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ANP32A represses Wnt signaling across tissues thereby protecting against osteoarthritis and heart disease.
Journal Contribution - Journal Article
OBJECTIVES: To investigate how ANP32A, previously linked to the antioxidant response, regulates Wnt signaling as unraveled by transcriptome analysis of Anp32a-deficient mouse articular cartilage, and its implications for osteoarthritis (OA) and diseases beyond the joint. METHODS: Anp32a knockdown chondrogenic ATDC5 cells were cultured in micromasses. Wnt target genes, differentiation markers and matrix deposition were quantified. Wnt target genes were determined in articular cartilage from Anp32a-deficient mice and primary human articular chondrocytes upon ANP32A silencing, using qPCR, luciferase assays and immunohistochemistry. Co-immunoprecipitation, immunofluorescence and chromatin-immunoprecipitation quantitative PCR probed the molecular mechanism via which ANP32A regulates Wnt signaling. Anp32a-deficient mice were subjected to the destabilization of the medial meniscus (DMM) OA model and treated with a Wnt inhibitor and an antioxidant. Severity of OA was assessed by cartilage damage and osteophyte formation. Human Protein Atlas data analysis identified additional organs where ANP32A may regulate Wnt signaling. Wnt target genes were determined in heart and hippocampus from Anp32a-deficient mice, and cardiac hypertrophy and fibrosis quantified. RESULTS: Anp32a loss triggered Wnt signaling hyper-activation in articular cartilage. Mechanistically, ANP32A inhibited target gene expression via histone acetylation masking. Wnt antagonist treatment reduced OA severity in Anp32a-deficient mice by preventing osteophyte formation but not cartilage degradation, contrasting with antioxidant treatment. Dual therapy ameliorated more OA features than individual treatments. Anp32a-deficient mice also showed Wnt hyper-activation in the heart, potentially explaining the cardiac hypertrophy phenotype found. CONCLUSIONS: ANP32A is a novel translationally relevant repressor of Wnt signaling impacting osteoarthritis and cardiac disease.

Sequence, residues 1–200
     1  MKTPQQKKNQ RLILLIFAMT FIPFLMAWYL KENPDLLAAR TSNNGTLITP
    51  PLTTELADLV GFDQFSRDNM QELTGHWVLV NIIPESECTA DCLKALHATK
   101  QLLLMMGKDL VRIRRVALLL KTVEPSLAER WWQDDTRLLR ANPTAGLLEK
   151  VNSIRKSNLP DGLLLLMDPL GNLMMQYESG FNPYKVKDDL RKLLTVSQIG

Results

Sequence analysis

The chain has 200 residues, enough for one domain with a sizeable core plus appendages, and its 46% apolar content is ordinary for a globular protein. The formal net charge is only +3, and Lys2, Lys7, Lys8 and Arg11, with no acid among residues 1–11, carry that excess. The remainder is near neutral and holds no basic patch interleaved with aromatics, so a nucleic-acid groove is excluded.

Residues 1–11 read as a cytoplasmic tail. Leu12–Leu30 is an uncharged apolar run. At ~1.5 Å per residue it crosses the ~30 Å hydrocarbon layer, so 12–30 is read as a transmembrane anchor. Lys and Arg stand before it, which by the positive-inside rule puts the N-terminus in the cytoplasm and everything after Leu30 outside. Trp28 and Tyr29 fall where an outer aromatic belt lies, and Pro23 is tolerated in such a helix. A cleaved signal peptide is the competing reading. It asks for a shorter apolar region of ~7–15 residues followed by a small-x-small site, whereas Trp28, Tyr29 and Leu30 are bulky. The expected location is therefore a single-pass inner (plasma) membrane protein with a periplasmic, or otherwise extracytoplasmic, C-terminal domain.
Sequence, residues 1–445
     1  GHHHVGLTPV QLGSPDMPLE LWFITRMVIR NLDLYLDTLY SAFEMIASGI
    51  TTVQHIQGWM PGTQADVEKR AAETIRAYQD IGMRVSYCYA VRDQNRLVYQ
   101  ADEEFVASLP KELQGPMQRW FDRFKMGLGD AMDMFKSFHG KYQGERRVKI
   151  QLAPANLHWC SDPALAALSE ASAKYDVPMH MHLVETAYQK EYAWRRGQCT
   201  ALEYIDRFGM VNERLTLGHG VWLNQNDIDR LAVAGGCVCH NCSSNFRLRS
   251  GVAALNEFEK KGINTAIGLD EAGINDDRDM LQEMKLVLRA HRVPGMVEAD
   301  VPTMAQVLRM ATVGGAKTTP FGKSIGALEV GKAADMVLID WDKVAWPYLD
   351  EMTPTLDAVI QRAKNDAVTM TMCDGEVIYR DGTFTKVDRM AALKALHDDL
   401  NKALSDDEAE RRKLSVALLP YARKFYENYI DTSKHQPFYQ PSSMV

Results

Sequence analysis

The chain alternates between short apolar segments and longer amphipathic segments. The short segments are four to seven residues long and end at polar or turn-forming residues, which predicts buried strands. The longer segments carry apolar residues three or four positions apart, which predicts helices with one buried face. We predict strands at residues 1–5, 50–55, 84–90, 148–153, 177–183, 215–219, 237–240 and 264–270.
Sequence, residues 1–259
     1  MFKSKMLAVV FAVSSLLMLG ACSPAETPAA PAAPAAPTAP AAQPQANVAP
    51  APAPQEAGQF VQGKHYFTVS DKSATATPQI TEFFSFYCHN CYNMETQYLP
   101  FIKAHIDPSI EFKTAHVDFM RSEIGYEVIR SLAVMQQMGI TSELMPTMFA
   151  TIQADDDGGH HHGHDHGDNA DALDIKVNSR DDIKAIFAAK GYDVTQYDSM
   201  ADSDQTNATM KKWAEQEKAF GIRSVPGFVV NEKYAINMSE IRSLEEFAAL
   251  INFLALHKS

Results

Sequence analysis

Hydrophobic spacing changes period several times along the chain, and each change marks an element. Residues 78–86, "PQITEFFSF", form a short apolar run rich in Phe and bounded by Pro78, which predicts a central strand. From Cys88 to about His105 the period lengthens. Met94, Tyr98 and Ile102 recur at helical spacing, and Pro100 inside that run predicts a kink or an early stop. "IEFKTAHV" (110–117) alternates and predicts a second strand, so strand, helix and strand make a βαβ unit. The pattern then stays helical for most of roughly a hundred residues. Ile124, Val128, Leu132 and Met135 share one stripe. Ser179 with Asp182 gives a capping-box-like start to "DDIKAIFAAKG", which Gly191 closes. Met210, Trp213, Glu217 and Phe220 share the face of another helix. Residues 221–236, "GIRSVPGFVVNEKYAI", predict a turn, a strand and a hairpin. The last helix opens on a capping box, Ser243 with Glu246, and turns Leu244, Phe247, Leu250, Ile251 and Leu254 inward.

Journal: Osteoarthritis and Cartilage
Pages: 724 - 734